Sunday's Oregonian has an extraordinary report about how a national guardsman looking through his sniper scope in Baghdad spotted police from the Interior Ministry torturing detainees:
He immediately radioed for help. Soon after, a team of Oregon Army National Guard soldiers swept into the yard and found dozens of Iraqi detainees who said they had been beaten, starved and deprived of water for three days.
In a nearby building, the soldiers counted dozens more prisoners and what appeared to be torture devices -- metal rods, rubber hoses, electrical wires and bottles of chemicals. Many of the Iraqis, including one identified as a 14-year-old boy, had fresh welts and bruises across their back and legs. [...] At least one had a gunshot wound to the knee.
The soldiers disarmed the Iraqi jailers, moved the prisoners into the shade, released their handcuffs and administered first aid. Lt. Col. Daniel Hendrickson of Albany, Ore., the highest ranking American at the scene, radioed for instructions.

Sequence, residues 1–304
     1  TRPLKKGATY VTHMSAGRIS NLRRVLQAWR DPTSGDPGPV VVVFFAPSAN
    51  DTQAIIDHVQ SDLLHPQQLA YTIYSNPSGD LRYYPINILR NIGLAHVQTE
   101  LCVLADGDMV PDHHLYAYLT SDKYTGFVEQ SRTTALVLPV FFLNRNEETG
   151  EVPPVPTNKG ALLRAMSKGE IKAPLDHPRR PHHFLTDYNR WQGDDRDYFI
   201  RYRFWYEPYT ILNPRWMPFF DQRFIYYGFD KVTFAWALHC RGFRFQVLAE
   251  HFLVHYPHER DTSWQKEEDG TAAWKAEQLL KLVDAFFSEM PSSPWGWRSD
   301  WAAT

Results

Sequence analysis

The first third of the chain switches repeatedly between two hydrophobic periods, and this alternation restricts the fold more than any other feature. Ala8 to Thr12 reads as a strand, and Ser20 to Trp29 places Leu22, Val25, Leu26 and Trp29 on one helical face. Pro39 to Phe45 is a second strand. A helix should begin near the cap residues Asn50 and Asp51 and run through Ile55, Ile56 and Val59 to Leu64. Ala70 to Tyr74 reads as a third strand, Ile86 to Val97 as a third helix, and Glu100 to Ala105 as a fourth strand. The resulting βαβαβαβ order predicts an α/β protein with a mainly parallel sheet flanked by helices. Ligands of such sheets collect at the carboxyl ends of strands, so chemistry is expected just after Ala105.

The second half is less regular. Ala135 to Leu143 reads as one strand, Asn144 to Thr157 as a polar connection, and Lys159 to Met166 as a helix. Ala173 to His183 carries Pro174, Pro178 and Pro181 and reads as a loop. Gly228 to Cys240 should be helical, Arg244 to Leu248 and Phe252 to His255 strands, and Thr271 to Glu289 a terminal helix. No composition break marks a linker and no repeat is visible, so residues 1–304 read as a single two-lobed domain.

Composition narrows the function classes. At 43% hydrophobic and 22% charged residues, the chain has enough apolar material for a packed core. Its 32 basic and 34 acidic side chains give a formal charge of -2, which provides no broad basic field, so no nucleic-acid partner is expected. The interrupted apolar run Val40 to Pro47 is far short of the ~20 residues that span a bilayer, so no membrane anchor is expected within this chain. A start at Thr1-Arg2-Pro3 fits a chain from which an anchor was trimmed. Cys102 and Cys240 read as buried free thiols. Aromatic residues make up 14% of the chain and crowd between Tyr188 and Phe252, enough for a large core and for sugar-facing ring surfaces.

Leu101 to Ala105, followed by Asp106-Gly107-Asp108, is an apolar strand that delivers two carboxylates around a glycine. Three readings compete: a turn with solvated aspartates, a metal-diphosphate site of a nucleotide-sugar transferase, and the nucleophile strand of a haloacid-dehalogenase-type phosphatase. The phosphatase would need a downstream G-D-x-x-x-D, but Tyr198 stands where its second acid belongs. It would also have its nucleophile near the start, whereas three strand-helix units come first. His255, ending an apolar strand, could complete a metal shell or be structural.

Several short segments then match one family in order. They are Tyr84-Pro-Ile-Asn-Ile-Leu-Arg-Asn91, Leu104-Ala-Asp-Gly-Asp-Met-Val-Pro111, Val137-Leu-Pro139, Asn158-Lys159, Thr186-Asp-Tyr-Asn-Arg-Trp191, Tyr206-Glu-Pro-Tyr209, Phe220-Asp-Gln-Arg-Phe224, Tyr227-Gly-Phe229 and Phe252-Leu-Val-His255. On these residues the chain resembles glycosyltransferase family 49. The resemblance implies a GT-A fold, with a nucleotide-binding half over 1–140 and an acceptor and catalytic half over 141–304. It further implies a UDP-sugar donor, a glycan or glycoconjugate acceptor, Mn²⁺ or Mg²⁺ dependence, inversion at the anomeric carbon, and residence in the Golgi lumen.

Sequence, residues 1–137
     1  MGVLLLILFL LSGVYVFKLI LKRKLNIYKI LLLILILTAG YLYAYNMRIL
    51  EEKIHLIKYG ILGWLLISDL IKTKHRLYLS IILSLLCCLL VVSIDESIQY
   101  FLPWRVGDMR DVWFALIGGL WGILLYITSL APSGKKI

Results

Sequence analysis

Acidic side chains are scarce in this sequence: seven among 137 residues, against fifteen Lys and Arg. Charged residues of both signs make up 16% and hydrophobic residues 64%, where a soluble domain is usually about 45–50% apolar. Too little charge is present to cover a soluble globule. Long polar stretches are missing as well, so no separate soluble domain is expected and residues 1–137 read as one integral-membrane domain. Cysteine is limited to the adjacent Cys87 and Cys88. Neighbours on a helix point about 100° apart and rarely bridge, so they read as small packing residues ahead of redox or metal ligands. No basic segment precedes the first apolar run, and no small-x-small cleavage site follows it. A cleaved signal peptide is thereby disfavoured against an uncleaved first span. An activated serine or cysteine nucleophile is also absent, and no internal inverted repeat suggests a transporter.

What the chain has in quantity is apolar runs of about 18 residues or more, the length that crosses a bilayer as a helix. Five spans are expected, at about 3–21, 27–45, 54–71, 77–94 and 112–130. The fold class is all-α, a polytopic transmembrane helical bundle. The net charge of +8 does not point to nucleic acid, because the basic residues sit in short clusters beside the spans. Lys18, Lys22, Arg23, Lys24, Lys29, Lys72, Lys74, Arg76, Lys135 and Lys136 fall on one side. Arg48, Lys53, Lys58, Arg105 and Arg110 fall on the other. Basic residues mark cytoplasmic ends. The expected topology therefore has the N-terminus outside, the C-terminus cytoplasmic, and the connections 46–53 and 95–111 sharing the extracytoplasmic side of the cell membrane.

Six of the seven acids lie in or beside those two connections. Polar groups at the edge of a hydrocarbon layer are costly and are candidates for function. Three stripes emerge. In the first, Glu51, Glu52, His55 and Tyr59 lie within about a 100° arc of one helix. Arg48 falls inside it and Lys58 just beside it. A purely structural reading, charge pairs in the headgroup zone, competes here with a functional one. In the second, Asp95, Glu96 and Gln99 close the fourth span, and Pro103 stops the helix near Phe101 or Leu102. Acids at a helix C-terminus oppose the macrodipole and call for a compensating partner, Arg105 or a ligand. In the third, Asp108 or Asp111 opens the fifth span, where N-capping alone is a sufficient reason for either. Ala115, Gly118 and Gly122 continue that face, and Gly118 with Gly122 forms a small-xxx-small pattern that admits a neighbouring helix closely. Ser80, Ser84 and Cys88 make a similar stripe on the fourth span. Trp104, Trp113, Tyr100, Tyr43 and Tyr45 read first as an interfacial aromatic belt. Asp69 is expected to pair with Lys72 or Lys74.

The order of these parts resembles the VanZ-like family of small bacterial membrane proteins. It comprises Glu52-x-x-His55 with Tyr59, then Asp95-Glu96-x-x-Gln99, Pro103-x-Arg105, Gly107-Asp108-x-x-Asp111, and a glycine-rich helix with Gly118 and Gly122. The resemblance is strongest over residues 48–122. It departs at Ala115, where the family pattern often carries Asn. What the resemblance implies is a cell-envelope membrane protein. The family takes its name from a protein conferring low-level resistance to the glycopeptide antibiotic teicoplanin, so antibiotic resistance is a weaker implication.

Hendrickson's superior officers told him to return the prisoners to their abusers and immediately withdraw. It was June 29 -- Iraq's first official day as a sovereign country since the U.S.-led invasion.
This stuff is disturbing in and of itself. But then there's the reason all the men were being tortured in the first place: They were apparently detainees picked up in interim prime minister (and strongman) Iyad Allawi's much heralded crime sweep a few weeks ago. Let freedom reign!
P.S.: None of the big papers have picked up the Oregonian's report. I can't blame them for that. But there does seem to be plenty room for follow-up. Namely, Oregonian suggests the Interior Minister was behind this stuff. Is that true? And who is he?